6. Pokémon Super Secret Battle “No. 1 Trainer” – Promo Holographic Card

$US90,000 ($115,434) | Sold – July 2020

Another promo card, this Super Secret Battle trainer card was only given to an estimated seven players in 1999 during a country-wide tournament in Japan. The finals of the tournament were a secret. Players could only find out about the location after winning one of these cards in one of seven regional tournaments. This particular version of the card is rated a GEM MINT 10 by the PSA, adding to its value. Part of what makes the card desirable is the strange art, where you can spot not only a galactic Mewtwo, but also the Pokémon Trading Card logo on the front. Not a very common design!

5. 2000 – Neo Genesis 1st Edition Holographic Lugia

$US144,300 ($185,079) | Sold – May 2021

Photo: PWCC / Kotaku

This is a near-perfect example of a super popular card, a first-edition Lugia. This is a legendary Pokémon from Gen II that is famously seen on the cover of Pokémon: Silver. Folks love Lugia, so technically, a ton of people own this type of card. But most Lugia cards of this variety haven’t received a Pristine 10 rating by Beckett Grading Services, another highly-respected trading card and collectible grading company. It seems likely, PWCC says, that this card could sell for more in the future.

4. Japanese Promo Card – Family Event Trophy – Holo Kangaskhan

$US150,100 ($192,518) | Sold – Oct. 2020

Photo: PWCC / Kotaku

One of the rarest Pokémon cards in the world, this Kangaskhan was only given out to select winners during the Parent/Child Mega Battle tournament held in Japan in 1998. As the name suggests, this was a contest featuring families competing against one another. Only the families that achieved a certain number of wins could get this rare card. According to PWCC, only 46 of these cards have ever been assessed by the PSA. This particular promo card is rated a perfect 10 by the PSA, the first time one of these rare Kangaskhan family event cards has received such a rank. This helps explain the high price tag it earned at auction.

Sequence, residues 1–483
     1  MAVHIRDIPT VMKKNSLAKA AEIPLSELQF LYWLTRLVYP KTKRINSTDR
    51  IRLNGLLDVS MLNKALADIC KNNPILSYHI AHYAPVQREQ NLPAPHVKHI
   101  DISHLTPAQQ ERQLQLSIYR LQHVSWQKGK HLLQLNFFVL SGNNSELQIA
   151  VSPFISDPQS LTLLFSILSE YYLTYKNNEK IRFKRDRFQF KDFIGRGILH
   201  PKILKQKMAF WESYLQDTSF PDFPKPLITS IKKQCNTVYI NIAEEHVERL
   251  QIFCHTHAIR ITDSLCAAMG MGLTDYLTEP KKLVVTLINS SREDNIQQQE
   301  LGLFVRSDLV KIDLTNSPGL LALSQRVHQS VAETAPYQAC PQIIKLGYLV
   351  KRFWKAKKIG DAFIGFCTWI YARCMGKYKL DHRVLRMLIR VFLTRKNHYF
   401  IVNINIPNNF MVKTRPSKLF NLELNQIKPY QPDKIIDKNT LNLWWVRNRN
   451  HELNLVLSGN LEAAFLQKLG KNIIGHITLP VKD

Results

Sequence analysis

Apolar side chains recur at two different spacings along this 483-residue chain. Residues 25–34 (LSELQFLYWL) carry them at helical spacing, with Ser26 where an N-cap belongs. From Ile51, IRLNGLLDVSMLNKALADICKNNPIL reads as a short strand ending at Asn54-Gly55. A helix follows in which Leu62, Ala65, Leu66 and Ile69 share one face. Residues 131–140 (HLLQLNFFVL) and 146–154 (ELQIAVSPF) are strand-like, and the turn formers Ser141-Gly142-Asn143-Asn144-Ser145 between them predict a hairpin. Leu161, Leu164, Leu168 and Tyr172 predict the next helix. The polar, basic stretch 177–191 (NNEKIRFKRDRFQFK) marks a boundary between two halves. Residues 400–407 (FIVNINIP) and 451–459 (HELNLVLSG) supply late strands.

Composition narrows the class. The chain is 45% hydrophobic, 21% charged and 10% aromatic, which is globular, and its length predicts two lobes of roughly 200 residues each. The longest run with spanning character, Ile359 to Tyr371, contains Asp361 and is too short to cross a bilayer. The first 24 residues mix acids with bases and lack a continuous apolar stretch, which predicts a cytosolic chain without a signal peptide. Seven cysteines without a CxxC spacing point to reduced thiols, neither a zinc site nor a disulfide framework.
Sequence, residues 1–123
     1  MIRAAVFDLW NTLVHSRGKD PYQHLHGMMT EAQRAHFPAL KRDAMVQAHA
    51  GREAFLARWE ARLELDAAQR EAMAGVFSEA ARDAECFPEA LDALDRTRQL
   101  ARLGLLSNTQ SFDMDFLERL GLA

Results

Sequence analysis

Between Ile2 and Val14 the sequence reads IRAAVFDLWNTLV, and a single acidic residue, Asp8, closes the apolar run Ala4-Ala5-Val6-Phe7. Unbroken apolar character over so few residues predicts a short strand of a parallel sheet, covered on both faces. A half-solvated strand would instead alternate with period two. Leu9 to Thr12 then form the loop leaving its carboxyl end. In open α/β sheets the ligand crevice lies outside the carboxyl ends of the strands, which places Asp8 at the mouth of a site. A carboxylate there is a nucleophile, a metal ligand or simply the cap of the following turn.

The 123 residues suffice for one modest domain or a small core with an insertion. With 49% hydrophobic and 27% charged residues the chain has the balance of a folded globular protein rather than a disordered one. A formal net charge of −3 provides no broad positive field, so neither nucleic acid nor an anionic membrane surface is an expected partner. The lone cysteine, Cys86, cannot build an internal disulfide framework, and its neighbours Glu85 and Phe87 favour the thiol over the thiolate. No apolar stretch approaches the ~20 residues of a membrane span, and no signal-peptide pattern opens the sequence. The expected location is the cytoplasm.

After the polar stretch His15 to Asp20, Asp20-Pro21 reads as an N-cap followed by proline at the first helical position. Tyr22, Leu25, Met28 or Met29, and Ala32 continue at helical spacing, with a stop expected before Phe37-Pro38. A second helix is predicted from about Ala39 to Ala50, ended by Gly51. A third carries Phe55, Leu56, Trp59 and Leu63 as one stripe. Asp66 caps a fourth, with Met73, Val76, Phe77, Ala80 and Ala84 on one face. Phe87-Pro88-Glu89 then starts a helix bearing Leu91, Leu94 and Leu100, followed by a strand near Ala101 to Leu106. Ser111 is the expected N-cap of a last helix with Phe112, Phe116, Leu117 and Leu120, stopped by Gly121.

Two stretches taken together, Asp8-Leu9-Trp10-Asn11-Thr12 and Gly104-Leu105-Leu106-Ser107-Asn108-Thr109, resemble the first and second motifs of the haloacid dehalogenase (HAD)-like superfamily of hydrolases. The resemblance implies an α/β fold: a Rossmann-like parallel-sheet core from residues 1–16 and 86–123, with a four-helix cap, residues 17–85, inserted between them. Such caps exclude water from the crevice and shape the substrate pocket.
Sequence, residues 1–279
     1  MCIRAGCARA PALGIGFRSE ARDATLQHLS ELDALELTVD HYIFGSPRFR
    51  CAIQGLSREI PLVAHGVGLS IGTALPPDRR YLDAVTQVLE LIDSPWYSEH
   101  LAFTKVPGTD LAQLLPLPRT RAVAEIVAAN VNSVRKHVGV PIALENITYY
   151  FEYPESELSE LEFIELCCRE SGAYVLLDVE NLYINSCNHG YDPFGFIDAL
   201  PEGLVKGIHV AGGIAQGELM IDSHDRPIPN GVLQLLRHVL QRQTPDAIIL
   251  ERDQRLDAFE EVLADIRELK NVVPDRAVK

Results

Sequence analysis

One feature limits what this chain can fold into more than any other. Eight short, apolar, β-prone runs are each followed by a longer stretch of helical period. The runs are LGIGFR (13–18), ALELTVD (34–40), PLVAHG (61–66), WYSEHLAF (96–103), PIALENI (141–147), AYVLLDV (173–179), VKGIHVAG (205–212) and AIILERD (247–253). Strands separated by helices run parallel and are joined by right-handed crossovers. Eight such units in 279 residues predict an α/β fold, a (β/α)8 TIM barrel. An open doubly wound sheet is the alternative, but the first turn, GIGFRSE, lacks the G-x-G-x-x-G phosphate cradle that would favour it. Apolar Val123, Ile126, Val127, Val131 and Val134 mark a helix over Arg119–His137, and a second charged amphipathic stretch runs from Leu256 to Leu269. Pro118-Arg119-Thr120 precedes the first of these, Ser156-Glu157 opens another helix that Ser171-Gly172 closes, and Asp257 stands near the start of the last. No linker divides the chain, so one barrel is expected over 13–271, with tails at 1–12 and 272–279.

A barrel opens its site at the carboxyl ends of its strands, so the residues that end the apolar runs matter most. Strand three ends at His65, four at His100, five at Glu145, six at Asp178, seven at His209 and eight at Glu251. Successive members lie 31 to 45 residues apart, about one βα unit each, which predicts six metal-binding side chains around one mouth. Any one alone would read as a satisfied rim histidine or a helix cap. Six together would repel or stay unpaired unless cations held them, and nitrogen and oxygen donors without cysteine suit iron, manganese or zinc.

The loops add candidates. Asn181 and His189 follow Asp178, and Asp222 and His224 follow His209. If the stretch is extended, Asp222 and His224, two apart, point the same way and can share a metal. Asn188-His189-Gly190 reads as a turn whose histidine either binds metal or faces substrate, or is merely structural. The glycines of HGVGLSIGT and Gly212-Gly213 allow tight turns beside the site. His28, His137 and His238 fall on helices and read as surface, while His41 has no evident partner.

3. “Backless Blastoise” – Commissioned Presentation Galaxy Star Hologram

$US360,000 ($461,736) | Sold – Jan. 2021

This isn’t a normal Blastoise Pokémon card. What makes this one so valuable is the lack of any printing on the side opposite to the art, hence the name “Backless Blastoise.” Really, the card was never meant for public consumption, as it was part of a test run made by Wizards of the Coast. The tentative printing happened in ‘98, before the launch of the series in the US — and before anyone knew the franchise would explode in the way that it did.

2. 1st Edition Charizard, Holographic – SGC GOLD LABEL PRISTINE 10

$US369,000 ($473,279) | Sold Dec – 2020

Photo: PWCC / Kotaku

This particular Charizard is a shadowless holographic first edition card. Super early cards didn’t have drop shadows behind art or text, and this tiny difference catapulted them in rarity and price. Plus it’s Charizard, a cool dragon everyone loves. Charizard cards have become extremely popular in recent years, with folks like retired rapper Logic and famous-for-some-reason-influencer Logan Paul both getting in on the beloved dragon action. Paul even wore a super-rare Charizard around his neck into his fight with Floyd Mayweather.

1. 1998 Japanese Promo Card – HOLO – Illustrator Pikachu – PSA 7 NRMT

$US375,000 ($480,975) | Sold – Feb. 2021

Photo: PWCC / Kotaku

As you’ve noticed, many of the cards that fetch the biggest prices online aren’t traditional Pokémon cards. Instead odd promo cards, like this Illustrator Pokémon card, tend to demand big money. According to PWCC, only about 40 of these cards were ever made and released. They were given out during three art competitions held in Japan where contestants were asked to create their own Pokémon cards. Winners received custom printed cards featuring their original artwork as well as this rare Illustrator Pikachu card as a trophy. This card highlights an exclusive piece of artwork created by Atsuko Nishida, the original character designer of Pikachu. As a result, whenever this rare card goes up for sale it brings in huge amounts of money.